When I first started buying puppets for my children, I wasn’t sure what to do with them. Of course it was easy to entertain my children just by putting the puppet on my hand and making it talk to them; but I wasn’t satisfied with the way I was doing it. The puppet didn’t look “alive.” Also, I wasn’t a ventriloquist and I didn’t know any stories that the puppet could act out. So I started to learn more about storytelling and puppets and applied what I learned. Now I’d like to share some resources with you would-be amateur puppeteers.
Techniques: Guess what? You don’t have to be a ventriloquist to make a puppet “come alive!” I learned this by watching and hearing professional storyteller Willy Claflin. He is very popular in the storytelling world with his live concerts, cds and books. He was definitely my inspiration. In his concerts Willy may be the star attraction, but his special guest Maynard Moose always steals the show. After watching and practicing I learned the basic techniques for working a hand puppet. Here’s the Youtube video I made that shows “How To Make A Hand Puppet Come Alive.”
Stories: Any children’s story will do. Your puppet does not need to act it all out. In fact, instead of acting out a story with my puppet, I used to tell a story “in tandem” with my puppet Lucy-Loo (I often told stories at my children’s school). I find the best stories to tell are folktales. Find one that you love, learn the story by reading it over and over (and over) with your child, and then practice telling it with your puppet. You do not need to memorize the story. Just picture it in your head and tell what happens in your own words. You can memorize important lines and repeat those but don’t worry about memorizing the rest. Folk tales are meant to be retold and embellished!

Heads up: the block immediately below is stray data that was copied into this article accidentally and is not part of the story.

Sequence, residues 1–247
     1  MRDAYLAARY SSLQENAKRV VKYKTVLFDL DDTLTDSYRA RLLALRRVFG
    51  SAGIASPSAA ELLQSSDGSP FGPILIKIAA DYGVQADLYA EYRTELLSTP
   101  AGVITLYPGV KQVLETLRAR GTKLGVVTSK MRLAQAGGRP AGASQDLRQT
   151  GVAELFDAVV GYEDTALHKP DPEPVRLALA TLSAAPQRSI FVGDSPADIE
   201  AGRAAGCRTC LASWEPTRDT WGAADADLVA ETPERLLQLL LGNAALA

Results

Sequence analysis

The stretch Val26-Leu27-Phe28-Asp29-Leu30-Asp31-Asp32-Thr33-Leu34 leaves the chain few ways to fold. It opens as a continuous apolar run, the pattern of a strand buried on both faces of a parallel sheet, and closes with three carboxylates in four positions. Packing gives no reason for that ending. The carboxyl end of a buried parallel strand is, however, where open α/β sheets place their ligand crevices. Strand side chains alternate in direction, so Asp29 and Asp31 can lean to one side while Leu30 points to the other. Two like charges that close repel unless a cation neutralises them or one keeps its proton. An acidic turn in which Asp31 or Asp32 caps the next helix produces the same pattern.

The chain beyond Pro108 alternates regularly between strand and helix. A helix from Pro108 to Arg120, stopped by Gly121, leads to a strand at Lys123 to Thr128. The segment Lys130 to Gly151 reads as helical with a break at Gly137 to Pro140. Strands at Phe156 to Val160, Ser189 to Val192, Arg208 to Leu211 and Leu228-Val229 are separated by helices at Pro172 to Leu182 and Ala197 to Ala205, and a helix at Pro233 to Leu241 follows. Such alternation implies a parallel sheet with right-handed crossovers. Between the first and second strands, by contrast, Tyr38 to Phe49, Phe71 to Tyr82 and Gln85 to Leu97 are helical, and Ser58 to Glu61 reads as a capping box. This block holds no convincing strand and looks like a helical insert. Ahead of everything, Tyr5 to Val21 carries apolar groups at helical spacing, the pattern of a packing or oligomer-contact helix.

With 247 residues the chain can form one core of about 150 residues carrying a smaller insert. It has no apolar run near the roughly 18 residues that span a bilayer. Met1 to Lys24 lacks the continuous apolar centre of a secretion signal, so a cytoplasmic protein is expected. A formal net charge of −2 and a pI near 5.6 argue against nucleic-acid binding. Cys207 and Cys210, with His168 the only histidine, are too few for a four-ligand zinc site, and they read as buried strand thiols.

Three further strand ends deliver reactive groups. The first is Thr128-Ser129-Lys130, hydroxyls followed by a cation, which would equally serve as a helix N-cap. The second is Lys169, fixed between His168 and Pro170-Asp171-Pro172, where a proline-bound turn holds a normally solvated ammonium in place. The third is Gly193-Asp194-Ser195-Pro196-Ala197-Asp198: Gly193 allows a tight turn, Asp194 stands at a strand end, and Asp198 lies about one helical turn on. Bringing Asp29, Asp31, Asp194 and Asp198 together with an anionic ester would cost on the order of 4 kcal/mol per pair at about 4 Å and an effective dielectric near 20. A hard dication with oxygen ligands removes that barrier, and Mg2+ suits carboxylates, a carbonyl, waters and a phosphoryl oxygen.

Sources for Folktales:
- Your local children’s bookstore (if you’re still lucky enough to have one). If you live or are traveling in the Bay Area, CA be sure to visit Linden Tree Bookstore. Their staff is very knowledgeable and they have a large inventory of children’s books.
- The Library – get recommendations from the staff
- Amazon – “Ready To-Tell Tales” by David Holt and Bill Mooney is a good choice; I also recommend “Storytelling Made Easy With Puppets” by Jan M. VanSchuyver.
- Used Booksellers
Puppet Sources:Check out your local toy store or google hand puppets and you’ll see many choices. Below are a few of my favorites.
- Most toy stores sell Folkmanis puppets. These are beautiful puppets – mostly animals, and are very popular. The one drawback however is that some of the working mouths are hard to manipulate. It helps to fit them on your hand to see if they are right for you. They have a new dragon puppet out that has a great working mouth.
- The Puppet Store has many varieties, including big mouth, full-body puppets similar to my Lucy-Loo.
- For professional quality, full body puppets, check out Puppet Planet. These puppets are hand-made and full of personality!
- Another fun on-line store is Monster Puppets. These puppets are custom made and very large.
- Here’s a site called Project Puppet that sells patterns to make your own professional quality puppet. I haven’t tried any of these but the pictures look great!
I hope this gets you started on your puppetry! Whether you are a parent, educator, storyteller, minister or therapist, puppets can be a valuable tool as well as a fun toy. Put one in your giftsoc today!
Please feel free to comment and let me know how your puppetry goes or if you have any questions. Thank you!